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An Inverted Doughnut is Your Model for Change

Core and periphery structures are perfect models for times of change. Unlike the hierarchy that is slow to change, the core and periphery model is perfectly suited to change. Imagine a nucleus with a fixed atom and a flexible surround. Or an inverted doughnut with the yummy stuff in the middle and the hole on the outside. The core is safe and necessary. The surround is unrestricted and fluid. Now apply this to every aspect of your organisation and you have an excellent model for managing change.

Here are 7 examples of the model.

Cores and Peripheries: 1. Managing and Leading

Managers manage the core aspects of organisational life, such as policies, rules, and standards. They keep the organisation going. Leaders create the extras that take the organisation into new territory where it can excel, such as added value, outstanding service, and employees who go beyond the call of duty to deliver. Managers are at the core, leaders are at the edge.

Cores and Peripheries: 2. Ourselves

For far too long, workplaces only asked us for the bits of ourselves that they could measure: our existing skills, our manual labour, our time-clocked presence. In times of change, they need much more: our brains and creativity; our principles and values; our hearts and souls. What is measurable is at the core; what is unmeasurable potential is at the edge.

Cores and Peripheries: 3. Jobs

In every job, there are things that have to be done and things that don't. The things that have to be done form the core of the job. They are dull but necessary. The things that don't have to be done but make the difference are the added values at the edge, exciting, exhilirating, and extra-ordinary.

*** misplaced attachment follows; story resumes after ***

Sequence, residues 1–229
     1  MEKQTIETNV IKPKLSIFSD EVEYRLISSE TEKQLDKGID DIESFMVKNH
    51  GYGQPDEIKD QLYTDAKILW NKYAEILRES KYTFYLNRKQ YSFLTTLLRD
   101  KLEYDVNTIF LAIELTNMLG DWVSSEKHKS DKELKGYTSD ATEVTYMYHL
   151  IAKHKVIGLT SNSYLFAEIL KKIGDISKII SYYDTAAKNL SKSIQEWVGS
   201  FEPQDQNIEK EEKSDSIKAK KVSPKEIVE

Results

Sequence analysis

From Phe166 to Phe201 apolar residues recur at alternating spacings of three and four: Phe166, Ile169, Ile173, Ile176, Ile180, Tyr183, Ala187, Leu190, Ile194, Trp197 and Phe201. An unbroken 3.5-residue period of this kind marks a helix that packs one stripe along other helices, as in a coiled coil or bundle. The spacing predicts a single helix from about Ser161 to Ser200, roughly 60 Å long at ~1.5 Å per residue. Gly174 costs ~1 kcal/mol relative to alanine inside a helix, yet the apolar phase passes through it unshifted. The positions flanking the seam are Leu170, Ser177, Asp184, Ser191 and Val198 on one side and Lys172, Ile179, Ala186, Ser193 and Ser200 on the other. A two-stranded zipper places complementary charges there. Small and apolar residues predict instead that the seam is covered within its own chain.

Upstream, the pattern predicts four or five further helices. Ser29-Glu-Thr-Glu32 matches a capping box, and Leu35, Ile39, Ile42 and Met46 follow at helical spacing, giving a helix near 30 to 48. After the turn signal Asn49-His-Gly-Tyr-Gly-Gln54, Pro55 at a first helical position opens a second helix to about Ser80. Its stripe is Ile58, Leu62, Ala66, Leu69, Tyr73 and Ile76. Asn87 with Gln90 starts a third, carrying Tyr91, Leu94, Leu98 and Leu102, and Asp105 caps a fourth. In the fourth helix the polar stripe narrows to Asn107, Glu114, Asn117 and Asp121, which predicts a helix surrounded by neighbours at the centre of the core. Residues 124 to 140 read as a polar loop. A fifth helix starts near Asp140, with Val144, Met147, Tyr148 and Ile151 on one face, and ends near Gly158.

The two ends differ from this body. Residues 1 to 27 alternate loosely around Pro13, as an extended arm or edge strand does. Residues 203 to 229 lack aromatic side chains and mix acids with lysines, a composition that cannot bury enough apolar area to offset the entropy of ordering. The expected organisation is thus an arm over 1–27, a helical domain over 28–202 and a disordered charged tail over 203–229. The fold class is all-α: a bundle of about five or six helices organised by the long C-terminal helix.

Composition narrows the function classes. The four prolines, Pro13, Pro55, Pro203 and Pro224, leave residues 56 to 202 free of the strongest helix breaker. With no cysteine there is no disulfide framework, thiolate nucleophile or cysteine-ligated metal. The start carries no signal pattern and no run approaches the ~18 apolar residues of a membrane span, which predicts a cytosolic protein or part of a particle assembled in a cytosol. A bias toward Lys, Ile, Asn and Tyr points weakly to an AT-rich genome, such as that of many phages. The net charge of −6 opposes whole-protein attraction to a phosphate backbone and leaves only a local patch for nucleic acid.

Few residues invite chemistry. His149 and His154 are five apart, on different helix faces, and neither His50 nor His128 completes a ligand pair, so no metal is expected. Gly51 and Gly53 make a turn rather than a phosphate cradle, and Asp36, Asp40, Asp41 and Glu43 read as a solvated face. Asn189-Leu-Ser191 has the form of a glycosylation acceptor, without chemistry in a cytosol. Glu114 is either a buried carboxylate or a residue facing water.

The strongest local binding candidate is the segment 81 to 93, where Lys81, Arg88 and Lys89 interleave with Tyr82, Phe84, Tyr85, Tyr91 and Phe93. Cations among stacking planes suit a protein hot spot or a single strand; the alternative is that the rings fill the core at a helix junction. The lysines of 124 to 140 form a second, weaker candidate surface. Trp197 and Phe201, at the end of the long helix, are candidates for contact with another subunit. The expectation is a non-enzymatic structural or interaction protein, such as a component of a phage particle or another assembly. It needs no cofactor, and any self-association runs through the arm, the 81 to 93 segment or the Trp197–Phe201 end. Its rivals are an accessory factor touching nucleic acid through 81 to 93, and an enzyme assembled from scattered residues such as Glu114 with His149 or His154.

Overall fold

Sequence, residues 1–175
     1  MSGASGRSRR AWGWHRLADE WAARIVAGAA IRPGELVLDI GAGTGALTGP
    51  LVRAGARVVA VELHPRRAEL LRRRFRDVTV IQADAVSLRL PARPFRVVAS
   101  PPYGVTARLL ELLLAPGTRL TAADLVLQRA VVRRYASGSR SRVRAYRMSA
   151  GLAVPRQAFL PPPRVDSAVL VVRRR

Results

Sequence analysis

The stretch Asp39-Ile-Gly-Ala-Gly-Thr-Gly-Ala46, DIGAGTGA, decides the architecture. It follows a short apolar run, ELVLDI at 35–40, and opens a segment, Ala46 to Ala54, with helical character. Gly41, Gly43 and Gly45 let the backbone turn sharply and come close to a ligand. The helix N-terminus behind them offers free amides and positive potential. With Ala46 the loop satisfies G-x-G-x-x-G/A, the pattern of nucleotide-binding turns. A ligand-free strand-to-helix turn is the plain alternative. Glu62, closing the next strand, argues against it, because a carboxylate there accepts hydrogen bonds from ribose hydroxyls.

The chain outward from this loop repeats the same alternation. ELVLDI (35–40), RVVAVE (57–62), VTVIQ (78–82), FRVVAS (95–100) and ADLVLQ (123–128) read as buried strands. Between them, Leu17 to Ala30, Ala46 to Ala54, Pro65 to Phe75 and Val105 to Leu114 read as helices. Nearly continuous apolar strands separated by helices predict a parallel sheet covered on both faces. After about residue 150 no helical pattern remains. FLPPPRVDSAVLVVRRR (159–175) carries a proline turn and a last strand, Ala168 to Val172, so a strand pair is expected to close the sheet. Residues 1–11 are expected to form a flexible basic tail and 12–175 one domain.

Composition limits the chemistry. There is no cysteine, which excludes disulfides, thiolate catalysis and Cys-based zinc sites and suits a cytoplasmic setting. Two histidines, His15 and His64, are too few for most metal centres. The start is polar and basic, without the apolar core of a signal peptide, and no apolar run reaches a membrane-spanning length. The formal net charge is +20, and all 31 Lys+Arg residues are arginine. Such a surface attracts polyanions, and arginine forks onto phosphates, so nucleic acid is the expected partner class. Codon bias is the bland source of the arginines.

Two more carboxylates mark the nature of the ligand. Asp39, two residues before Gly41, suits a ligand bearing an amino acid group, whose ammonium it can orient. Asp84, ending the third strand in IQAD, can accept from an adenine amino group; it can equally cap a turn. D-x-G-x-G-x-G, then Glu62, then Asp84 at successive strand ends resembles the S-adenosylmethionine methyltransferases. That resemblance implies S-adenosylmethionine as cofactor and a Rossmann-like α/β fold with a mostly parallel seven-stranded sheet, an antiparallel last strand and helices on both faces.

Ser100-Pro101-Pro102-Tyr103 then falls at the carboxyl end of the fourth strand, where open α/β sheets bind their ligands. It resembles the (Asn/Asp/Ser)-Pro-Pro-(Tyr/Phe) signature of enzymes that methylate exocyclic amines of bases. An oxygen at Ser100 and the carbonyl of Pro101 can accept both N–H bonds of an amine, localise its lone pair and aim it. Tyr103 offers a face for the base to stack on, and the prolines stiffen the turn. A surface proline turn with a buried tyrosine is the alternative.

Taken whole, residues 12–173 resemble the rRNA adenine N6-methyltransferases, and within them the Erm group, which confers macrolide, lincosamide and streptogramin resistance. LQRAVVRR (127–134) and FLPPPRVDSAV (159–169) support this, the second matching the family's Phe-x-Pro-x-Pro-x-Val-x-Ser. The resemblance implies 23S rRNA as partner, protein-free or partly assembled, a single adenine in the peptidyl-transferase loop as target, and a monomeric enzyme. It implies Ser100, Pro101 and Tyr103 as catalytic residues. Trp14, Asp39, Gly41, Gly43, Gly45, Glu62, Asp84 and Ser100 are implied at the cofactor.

Cores and Peripheries: 4. Control

There are two kinds of control in organisations: those at the core which come from the boss and which everyone has to follow. They are governed by the company's discipline. The other kind of control comes from personal drivers, such as pride in one's work, self-esteem, and a sense of responsibility. They are governed by personal respect.

Cores and Peripheries: 5. Teams

Everyone at work has two teams. The first team is the official group you belong to. They're at your core. The second team are the people you turn to when you need them, those who will help you out in a crisis. They may be friends, mentors, relatives, colleagues from way back, role models, even people in your head. They are your inspiration.

Cores and Peripheries: 6. Customers

To succeed in times of change, you must give your customers two kinds of experience. At the core of the relationship, you must give them the minimum they expect - the right product, at the right time, in the right place, at the right cost. But to keep them for life, you must also go one step further and give them an experience they'll never forget.

Cores and Peripheries: 7. Learning

In a change-responsive organisation, there are two ways to teach and learn. At the core, everyone needs to know what the organisation stands for, its unchanging principles and values. People need to be told. At the edge, but still tied to the core, people need to learn how to soar and fly. They need to be empowered.

Managing cores and peripheries is the new challenge for managers. Not just the needs of the cores but also the opportunities at the edge. When you can do both well at the same time, you will have discovered the art of change management.

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